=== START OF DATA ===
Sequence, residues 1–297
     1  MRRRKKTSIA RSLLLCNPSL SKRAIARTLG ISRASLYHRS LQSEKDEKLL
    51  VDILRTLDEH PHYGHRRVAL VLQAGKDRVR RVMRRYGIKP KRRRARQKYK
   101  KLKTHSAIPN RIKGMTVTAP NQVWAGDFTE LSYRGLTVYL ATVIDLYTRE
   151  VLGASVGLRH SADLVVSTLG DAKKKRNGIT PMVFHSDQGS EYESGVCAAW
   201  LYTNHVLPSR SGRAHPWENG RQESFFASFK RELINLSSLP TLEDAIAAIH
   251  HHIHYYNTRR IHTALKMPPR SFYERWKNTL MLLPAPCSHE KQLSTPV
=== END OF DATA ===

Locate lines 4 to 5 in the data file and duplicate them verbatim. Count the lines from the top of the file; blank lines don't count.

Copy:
   101  KLKTHSAIPN RIKGMTVTAP NQVWAGDFTE LSYRGLTVYL ATVIDLYTRE
   151  VLGASVGLRH SADLVVSTLG DAKKKRNGIT PMVFHSDQGS EYESGVCAAW